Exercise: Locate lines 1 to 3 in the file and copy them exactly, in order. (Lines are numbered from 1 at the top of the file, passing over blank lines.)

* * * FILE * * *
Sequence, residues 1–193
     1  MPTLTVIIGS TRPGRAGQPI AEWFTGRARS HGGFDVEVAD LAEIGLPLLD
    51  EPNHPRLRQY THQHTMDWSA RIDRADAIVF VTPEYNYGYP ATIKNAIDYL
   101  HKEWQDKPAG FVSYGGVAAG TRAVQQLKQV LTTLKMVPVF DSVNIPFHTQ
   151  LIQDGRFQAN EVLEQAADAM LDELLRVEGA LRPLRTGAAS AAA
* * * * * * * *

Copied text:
Sequence, residues 1–193
     1  MPTLTVIIGS TRPGRAGQPI AEWFTGRARS HGGFDVEVAD LAEIGLPLLD
    51  EPNHPRLRQY THQHTMDWSA RIDRADAIVF VTPEYNYGYP ATIKNAIDYL